Mechanical Properties of the Cell: Studying Stiffness

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Teemu Miettinen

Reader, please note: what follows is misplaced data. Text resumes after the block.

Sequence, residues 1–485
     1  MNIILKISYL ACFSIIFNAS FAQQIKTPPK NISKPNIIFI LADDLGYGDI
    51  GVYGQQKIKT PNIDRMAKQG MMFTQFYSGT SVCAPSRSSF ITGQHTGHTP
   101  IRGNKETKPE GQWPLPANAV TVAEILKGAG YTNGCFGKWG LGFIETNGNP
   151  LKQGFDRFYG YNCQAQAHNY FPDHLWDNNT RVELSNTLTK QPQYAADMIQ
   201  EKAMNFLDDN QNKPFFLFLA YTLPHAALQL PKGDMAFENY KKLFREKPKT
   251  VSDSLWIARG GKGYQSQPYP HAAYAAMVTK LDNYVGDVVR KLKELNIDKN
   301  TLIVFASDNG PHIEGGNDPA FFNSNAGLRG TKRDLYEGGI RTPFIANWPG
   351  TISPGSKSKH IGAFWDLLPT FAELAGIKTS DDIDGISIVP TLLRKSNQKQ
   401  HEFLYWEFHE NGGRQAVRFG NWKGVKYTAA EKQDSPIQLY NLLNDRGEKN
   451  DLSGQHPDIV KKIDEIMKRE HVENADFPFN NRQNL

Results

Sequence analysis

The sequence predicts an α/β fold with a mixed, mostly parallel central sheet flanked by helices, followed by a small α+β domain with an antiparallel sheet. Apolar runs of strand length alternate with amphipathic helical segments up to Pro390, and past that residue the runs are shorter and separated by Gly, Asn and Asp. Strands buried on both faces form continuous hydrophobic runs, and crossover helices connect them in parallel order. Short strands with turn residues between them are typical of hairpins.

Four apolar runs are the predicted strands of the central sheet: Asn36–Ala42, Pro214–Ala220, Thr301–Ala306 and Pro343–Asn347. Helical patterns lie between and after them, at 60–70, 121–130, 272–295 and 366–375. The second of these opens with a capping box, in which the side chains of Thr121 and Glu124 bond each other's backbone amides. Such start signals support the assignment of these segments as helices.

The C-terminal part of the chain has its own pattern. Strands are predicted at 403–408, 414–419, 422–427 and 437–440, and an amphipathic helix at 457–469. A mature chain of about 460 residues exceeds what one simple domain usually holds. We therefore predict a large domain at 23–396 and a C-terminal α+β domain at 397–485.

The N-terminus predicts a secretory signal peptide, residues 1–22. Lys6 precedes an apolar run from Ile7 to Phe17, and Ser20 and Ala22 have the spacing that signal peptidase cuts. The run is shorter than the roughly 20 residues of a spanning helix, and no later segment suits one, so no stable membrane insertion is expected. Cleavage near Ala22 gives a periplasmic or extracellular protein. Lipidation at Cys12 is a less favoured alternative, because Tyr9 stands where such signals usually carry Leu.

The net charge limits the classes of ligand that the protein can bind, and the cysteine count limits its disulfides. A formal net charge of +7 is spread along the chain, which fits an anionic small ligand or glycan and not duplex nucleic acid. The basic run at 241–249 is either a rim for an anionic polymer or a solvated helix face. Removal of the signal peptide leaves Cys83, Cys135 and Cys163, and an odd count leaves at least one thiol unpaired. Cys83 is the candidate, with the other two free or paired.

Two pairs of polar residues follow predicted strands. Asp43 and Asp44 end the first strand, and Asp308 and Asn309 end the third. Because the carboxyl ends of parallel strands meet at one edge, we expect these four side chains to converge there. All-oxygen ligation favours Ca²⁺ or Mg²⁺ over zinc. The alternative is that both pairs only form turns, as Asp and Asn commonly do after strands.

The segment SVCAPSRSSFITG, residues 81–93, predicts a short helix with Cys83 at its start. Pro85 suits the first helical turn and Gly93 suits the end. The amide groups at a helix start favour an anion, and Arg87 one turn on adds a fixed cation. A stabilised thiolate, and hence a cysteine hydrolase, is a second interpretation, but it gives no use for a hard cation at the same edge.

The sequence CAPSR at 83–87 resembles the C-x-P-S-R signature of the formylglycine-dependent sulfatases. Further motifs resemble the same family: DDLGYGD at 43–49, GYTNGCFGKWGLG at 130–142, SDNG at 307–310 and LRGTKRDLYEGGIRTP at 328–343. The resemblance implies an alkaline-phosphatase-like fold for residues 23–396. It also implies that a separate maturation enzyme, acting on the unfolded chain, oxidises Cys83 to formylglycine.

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This image displays live mouse blood cancer cells in different stages of their growth and division cycle. These cells grow in suspension, not adhering to their environment, which shows as a round cell shape, and it also makes the study of these cells challenging. Starting from the top right and moving clockwise, a small cell grows in size, duplicates its’ cellular components, such as DNA (pink color), and divides in to two separate daughter cells. These different stages, especially the cell division, have to be coupled to the control of cell’s outer support structure called actin cortex (green color). Underlying the individual cell pictures, one can see a population of these cells (actin cortex is displayed in black&white and DNA is displayed in yellow). When we combine imaging such as this to other measurements developed here at MIT, we can study how the structure of the actin cortex affects the surface stiffness of a cell. This will help us understand, for example, how cancer cells are able to change their mechanical properties and invade new tissues